Japanese shipwrecks on coast predate Columbus

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By Finn J.D. John
April 27, 2014

ON NOVEMBER 3, 1832, the 50-foot Japanese cargo vessel Hojun Maru left Ise Bay bound for Edo — the city now known as Tokyo. Its hold was full of rice and porcelain dishes from the south end of the Japanese archipelago, to be traded for salt fish from the north.

One of the youngest members of the Hojun Maru’s 14-man crew was a 14-year-old boy named Otokichi, a cook’s apprentice.

Dr. John McLoughlin, known as the “Father of Oregon,” sent his stepson to ransom the survivors of the wreck of the Hojun Maru after he learned they’d been taken prisoner. (Image: Oregon Historical Society)

Otokichi and his shipmates couldn’t know it, but when they stepped aboard at Ise Bay, they were leaving their homeland forever.

The Hojun Maru’s fate stemmed from a political decision made 200 years before. In 1637, the Shogunate government of Japan had decreed the island nation closed. No one was allowed to enter, and no one was allowed to leave, on pain of death.

There was, however, an enforcement problem with the Shogunate’s decree. The sea was both Japan’s main highway system and a vital source of its food. The island nation had a massive fishing and trading fleet, staffed by some of the world’s most skilled mariners. What was to stop these mariners from becoming smugglers?

So the government ordered a change in the configuration of all Japanese vessels. All Japanese merchant and fishing ships of seaworthy design, suitable for deepwater navigation, were to be destroyed. Henceforth, all Japanese ships and boats would have open sterns and large square rudders — well suited for close-in coastal work in fair weather, but completely unfit for the conditions of the open sea.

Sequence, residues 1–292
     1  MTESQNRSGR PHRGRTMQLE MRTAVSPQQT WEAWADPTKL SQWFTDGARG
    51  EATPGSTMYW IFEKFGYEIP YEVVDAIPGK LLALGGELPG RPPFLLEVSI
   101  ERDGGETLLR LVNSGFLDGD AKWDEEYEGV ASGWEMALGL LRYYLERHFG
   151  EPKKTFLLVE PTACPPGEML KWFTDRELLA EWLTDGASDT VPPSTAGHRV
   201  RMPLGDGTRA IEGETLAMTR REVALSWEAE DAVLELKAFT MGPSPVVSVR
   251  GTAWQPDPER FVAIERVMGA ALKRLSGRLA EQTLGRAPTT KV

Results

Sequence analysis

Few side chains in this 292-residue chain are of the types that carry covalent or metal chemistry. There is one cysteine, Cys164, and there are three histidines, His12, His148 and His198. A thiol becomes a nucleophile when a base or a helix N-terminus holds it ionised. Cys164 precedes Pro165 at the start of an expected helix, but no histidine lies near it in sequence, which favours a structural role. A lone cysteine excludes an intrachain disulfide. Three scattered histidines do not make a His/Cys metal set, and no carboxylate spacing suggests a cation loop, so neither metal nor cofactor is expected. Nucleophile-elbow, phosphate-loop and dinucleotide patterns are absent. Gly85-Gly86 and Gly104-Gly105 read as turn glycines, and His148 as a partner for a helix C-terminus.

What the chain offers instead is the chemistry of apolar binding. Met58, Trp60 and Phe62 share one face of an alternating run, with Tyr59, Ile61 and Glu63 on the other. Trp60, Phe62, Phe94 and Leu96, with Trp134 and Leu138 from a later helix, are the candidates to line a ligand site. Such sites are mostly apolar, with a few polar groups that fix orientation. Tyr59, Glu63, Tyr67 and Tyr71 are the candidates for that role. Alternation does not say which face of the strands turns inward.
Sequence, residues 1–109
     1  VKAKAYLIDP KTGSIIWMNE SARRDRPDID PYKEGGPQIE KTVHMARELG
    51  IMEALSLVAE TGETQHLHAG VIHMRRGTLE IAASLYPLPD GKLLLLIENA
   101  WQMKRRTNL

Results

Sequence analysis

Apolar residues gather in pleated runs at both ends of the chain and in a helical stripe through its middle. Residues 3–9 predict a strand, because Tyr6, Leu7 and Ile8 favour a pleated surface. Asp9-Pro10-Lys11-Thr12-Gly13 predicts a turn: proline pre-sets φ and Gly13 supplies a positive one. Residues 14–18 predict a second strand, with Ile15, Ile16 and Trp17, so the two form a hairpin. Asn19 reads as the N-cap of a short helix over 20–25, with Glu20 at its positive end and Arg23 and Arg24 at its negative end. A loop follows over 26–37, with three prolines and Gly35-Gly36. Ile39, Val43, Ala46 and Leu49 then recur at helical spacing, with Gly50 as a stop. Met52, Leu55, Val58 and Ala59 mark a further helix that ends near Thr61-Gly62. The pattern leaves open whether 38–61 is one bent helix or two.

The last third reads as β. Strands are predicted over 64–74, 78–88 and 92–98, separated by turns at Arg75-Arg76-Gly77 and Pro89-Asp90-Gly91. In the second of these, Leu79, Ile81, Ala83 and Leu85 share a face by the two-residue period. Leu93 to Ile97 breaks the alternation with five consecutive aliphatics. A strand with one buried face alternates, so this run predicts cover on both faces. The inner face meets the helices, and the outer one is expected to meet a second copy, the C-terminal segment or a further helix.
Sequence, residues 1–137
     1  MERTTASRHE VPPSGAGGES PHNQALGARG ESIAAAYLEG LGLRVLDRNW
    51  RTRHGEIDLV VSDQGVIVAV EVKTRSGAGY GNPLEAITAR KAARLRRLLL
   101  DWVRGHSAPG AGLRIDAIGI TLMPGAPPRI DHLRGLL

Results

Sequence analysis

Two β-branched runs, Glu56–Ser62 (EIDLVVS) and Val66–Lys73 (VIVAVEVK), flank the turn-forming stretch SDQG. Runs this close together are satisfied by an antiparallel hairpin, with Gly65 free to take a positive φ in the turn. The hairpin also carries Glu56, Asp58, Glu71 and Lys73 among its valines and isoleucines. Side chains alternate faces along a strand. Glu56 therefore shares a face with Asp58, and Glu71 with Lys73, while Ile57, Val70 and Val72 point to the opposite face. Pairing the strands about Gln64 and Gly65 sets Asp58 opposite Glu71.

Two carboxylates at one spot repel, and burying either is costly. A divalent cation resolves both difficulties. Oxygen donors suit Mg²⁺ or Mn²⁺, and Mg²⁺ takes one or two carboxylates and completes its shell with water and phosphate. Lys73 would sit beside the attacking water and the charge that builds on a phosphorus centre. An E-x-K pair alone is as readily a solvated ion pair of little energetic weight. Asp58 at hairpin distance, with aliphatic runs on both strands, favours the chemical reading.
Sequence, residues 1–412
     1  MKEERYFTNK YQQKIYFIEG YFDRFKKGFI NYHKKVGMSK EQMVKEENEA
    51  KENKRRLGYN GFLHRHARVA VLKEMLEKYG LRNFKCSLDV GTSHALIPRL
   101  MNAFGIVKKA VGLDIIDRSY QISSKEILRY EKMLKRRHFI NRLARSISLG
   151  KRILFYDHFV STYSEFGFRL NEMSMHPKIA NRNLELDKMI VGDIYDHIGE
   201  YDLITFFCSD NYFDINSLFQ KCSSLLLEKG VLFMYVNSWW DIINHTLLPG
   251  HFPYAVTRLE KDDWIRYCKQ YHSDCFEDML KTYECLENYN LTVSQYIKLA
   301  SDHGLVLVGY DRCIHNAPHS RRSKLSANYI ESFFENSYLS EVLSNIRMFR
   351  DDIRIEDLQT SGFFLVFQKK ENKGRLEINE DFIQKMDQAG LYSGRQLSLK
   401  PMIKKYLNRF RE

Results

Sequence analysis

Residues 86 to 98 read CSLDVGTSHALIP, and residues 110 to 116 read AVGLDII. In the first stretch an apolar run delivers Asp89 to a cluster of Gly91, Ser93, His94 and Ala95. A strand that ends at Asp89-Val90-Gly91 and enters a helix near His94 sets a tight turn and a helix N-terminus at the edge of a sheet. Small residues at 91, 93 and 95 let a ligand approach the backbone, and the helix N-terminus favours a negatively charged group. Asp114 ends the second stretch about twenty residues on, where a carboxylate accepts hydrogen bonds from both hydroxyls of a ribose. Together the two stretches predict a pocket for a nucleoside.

This worked. But there was an unintended consequence. Actually, there were thousands of them. And the Hojun Maru was about to join them.

The thing was, it didn’t take much of a gale to strip those big square rudders away. And if that happened far enough from shore, unless the winds were absolutely perfect, the crew of that boat was as good as dead. Without a means of staying square against the sea, the ship would quickly around into the “trough of the sea,” or broadside to the waves, which would roll it fiercely until the masts either broke loose or were chopped free by the desperate crew.

At the mercy of the wind, the helpless ship would then be blown into the stream of the famous Kuroshio current — which, flowing past Japan a few dozen miles offshore, would carry ship and crew inexorably away into the open sea.

“Among Japanese mariners, the fear of being thus blown off their coast, has been an ever-threatening danger,” writes author Charles W. Brooks, “and the memory of such time-honored accidents is a common feature in the traditions of every seaport settlement along the eastern coast of Japan.”

The vast majority of these unfortunate castaways met their deaths in storms on the north Pacific, their ships foundering and sinking hundreds of miles from land, alone in the open sea. And this, in fact, is what the Hojun Maru’s crew members’ families assumed had happened to them. They grieved and carved gravestones and chalked up another loss to their ruthless ocean.

But if a ship was carrying enough supplies when blown off the coast — enough to keep the crew alive for a year or more — they might just survive the ordeal. The Kuroshio Current, after merging into the North Pacific Current, crosses all the way across the Pacific Ocean to within a few hundred miles of the west coast of North America, moving at a rate of up to 10 miles a day.

And this seems to have happened with some regularity. Brooks lists some 60 incidents of “junks” found on or near the West Coast over the years, and that’s just the ones we know about. Brooks, who was the Japanese government’s longtime commercial agent in San Francisco, believed it had happened often enough to infuse West Coast Native American tribes with recognizable elements of Japanese culture and language.